While I was extremely busy with a move to Palm Springs, a divorce and all that entails plus several long distance trips overseas, it has taken some time to rekindle an interest in art. However, a group of us are supporting studio space and when I went over this week to set up my own work table and chair, I sat down and began doodling and chatting with the four other artists there. There really is something to be said about working with other artists. We all have different styles and interests but there is a synergy that I realized I missed. Coming home that afternoon I started, at long last, to get my artistic interest together readying new birdhouse based on my doodles at the studio. I finally appreciate the studio I took such time and effort to create.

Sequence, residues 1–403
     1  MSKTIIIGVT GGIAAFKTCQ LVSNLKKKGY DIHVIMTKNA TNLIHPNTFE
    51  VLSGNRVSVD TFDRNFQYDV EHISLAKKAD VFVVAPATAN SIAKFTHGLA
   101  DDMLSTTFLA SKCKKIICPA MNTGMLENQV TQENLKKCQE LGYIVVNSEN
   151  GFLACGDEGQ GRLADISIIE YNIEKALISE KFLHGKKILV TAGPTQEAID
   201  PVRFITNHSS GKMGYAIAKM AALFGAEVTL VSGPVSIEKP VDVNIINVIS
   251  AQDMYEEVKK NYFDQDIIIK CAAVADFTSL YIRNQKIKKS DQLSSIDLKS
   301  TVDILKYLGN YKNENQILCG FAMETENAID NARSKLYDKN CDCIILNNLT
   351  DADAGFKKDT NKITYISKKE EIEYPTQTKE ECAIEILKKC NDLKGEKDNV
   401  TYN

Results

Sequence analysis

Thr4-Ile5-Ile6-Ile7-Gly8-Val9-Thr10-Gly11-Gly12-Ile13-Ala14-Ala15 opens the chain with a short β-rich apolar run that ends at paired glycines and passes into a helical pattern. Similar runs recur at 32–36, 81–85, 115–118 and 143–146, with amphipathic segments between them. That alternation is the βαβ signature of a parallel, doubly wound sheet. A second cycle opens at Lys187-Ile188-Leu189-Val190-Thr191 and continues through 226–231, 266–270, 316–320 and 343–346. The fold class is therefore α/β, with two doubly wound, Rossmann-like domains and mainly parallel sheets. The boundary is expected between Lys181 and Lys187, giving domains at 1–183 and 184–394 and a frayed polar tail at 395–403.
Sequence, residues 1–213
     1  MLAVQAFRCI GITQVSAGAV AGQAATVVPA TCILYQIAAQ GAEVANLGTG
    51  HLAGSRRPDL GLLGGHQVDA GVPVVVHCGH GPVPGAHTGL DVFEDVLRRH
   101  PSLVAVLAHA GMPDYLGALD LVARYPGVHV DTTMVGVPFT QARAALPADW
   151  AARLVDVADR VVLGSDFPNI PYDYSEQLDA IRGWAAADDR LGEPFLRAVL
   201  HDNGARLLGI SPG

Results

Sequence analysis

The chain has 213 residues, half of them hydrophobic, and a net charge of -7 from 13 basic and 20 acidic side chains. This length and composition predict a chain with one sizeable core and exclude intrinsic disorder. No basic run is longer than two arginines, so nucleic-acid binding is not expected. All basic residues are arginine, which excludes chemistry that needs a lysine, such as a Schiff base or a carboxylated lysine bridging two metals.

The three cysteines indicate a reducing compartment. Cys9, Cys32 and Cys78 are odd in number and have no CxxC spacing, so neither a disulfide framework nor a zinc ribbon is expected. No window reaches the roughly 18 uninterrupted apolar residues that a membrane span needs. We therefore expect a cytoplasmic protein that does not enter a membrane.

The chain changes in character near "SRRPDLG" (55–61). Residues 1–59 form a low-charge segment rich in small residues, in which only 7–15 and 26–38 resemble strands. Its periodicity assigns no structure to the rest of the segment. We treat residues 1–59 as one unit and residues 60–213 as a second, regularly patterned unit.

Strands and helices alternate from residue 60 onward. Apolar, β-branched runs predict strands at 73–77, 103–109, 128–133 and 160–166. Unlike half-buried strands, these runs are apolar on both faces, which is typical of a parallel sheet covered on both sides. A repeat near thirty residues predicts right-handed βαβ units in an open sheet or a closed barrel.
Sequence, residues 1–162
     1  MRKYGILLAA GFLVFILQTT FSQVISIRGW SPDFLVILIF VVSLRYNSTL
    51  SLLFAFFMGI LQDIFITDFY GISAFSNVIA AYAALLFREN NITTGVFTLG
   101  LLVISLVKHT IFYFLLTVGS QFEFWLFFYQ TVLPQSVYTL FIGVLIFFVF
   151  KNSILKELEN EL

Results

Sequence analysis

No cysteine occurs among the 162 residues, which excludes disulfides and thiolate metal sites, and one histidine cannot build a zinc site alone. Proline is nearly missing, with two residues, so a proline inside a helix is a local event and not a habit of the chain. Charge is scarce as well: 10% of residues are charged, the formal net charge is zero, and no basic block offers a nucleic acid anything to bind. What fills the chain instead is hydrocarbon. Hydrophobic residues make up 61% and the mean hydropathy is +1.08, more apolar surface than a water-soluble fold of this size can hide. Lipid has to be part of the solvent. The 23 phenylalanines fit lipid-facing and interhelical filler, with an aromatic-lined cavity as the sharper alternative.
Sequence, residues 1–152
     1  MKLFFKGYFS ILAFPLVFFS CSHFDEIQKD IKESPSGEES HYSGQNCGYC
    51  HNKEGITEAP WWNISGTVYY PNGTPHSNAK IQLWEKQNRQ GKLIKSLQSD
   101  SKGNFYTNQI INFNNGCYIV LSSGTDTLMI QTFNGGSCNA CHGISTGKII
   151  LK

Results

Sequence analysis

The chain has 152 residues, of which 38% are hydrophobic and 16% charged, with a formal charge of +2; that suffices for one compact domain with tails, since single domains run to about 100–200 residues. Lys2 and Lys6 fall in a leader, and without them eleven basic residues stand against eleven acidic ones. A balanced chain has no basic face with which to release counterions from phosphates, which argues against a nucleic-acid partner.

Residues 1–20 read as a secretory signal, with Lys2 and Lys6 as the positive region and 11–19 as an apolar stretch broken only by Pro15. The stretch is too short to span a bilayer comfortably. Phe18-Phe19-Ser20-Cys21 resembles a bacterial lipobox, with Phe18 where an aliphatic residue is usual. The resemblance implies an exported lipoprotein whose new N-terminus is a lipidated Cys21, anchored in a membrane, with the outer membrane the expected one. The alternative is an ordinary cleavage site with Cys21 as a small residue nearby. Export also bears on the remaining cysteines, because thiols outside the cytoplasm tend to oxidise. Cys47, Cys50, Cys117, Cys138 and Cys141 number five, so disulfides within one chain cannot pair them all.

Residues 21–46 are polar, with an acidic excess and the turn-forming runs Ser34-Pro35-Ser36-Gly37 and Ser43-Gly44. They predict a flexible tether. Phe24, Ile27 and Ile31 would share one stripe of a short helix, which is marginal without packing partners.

I am very excited about the coming opportunity and hope that finally, at the age of 70, I can make, if nothing else, a small local name for myself. My advice ... NEVER GIVE UP! We never know at whatever age when what we have created is appreciated by others! Remember Grandma Moses. She started seriously painting at the age of 78 and lived to 101. Some of her paintings have sold for over $1 million dollars, a sum you can bet she never saw! So ... pick up that needle, brush, knitting or crochet hook, saw or welding torch and get to work! We are all rooting for you!!!

Thank you for reading my blog! Please check out earlier blogs that talk about many things but each and every one with an eye on design ... the designs of modern living.